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Judgment expected in Zuma spy tapes appeal request

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Judgment expected in Zuma spy tapes appeal request

Photo by Reuters
President Jacob Zuma

13th October 2017

By: African News Agency

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The Supreme Court of Appeal (SCA) in Bloemfontein is expected to hand down judgment in the appeal by President Jacob Zuma and the National Prosecuting Authority (NPA) in the spy tapes saga.

Zuma and the NPA asked for leave to appeal a judgement of the Gauteng North High Court last year, which ruled in favour of the Democratic Alliance (DA), setting aside the 2009 decision by the NPA’s former Director of Public Prosecution Mokotedi Mpshe to discontinue the corruption case against Zuma, on the basis of irrationality.

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Shortly before the 2009 polls, after Zuma had won the contest for the leadership of the ruling African National Congress, Mpshe, withdrew 783 charges linked to the multi-million rand 1999 arms deal.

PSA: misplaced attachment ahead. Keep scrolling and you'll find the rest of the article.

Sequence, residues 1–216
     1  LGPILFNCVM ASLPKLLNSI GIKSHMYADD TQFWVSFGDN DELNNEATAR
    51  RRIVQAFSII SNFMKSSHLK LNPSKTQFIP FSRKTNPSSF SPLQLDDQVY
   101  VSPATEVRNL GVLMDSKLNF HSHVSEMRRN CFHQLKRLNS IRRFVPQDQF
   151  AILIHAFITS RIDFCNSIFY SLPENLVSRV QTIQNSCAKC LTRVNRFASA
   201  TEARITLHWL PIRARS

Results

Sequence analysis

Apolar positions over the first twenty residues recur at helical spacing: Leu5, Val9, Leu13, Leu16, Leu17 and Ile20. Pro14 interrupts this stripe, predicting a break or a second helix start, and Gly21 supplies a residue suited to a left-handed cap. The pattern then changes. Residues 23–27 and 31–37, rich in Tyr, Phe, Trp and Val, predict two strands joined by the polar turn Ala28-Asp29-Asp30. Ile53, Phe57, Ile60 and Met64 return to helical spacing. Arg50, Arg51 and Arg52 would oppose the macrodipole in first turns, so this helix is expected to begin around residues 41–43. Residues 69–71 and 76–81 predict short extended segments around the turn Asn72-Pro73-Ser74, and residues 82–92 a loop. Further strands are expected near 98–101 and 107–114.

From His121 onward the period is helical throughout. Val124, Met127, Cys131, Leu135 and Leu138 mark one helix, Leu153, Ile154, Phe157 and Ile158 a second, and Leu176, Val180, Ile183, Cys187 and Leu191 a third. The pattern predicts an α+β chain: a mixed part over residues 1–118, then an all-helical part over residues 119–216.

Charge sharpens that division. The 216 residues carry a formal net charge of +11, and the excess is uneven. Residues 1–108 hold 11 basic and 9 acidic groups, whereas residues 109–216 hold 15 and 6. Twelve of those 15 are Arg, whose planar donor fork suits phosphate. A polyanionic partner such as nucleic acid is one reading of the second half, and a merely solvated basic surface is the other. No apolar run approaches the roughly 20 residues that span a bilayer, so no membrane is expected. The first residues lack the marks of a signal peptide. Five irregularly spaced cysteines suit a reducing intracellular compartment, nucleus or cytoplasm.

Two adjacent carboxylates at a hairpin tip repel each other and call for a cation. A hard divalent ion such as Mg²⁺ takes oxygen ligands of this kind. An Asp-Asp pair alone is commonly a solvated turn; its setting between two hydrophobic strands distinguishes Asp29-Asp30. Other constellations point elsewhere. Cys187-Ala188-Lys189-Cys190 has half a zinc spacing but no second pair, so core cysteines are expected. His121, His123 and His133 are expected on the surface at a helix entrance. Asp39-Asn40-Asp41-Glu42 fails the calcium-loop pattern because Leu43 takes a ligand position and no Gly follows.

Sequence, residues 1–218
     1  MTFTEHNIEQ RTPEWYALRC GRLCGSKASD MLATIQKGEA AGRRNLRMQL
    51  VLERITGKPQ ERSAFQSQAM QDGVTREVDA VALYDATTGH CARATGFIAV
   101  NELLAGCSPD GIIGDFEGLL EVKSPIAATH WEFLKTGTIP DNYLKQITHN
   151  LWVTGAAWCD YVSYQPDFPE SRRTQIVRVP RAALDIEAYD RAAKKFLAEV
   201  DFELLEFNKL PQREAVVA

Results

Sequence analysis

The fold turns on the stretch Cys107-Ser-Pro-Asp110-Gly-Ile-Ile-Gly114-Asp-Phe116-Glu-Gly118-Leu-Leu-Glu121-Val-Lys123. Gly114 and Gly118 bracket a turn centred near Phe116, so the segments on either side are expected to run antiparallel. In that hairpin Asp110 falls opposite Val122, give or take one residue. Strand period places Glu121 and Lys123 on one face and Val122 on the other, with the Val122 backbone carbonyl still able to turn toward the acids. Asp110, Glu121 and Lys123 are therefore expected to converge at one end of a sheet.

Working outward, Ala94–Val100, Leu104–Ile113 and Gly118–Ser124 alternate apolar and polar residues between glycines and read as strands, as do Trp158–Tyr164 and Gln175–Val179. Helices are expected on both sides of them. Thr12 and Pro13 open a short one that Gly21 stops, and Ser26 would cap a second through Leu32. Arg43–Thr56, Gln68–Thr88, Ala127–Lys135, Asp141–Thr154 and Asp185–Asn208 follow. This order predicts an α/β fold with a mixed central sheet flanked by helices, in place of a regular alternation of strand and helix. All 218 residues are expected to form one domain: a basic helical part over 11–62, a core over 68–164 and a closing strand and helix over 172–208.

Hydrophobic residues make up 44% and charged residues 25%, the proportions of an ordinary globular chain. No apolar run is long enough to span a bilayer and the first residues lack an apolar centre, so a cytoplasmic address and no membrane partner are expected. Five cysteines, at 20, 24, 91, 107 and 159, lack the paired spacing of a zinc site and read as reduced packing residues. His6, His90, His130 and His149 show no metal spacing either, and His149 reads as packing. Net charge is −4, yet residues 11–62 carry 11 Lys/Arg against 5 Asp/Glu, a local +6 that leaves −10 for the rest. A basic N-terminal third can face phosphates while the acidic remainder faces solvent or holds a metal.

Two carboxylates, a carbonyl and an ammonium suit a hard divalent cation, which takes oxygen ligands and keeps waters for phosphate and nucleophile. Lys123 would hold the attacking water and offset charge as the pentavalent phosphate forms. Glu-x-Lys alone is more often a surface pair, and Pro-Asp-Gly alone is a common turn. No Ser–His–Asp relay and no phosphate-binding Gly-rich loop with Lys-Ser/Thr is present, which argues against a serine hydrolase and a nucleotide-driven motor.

Since then, the DA has challenged the matter in court. In May last year, the North Gauteng High Court ordered that Zuma must face all the charges.

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Zuma took the matter to the SCA, and the application was heard by a full bench of appeal judges.

On September 14, the SCA reserved judgment after Zuma’s lawyers admitted that the quashing of hundreds of criminal charges against him was “irrational”. Legal representatives for the NPA and Zuma were at pains as they tried to persuade the court to allow the appeal.

Initially two days had been set aside to hear legal team’s oral representations, but by lunchtime they had wrapped up the matter. But not before the NPA’s legal counsel conceded that Mphse had “used the wrong power” to withdraw charges against Zuma.

The NPA said it accepted that Mpshe could not rely upon section 179 of the Constitution, as he earlier declared, as this section did not allow the prosecuting authority to review its own decisions.

Advocate Kemp J. Kemp, counsel for Zuma, made the same concession. He also conceded that a decision to withdraw charges, that was based solely on the timing of the indictment, was irrational.

Arguments around what was to happen with regards to the legal proceedings against Zuma, dominated the rest of proceedings, before judgment was reserved.

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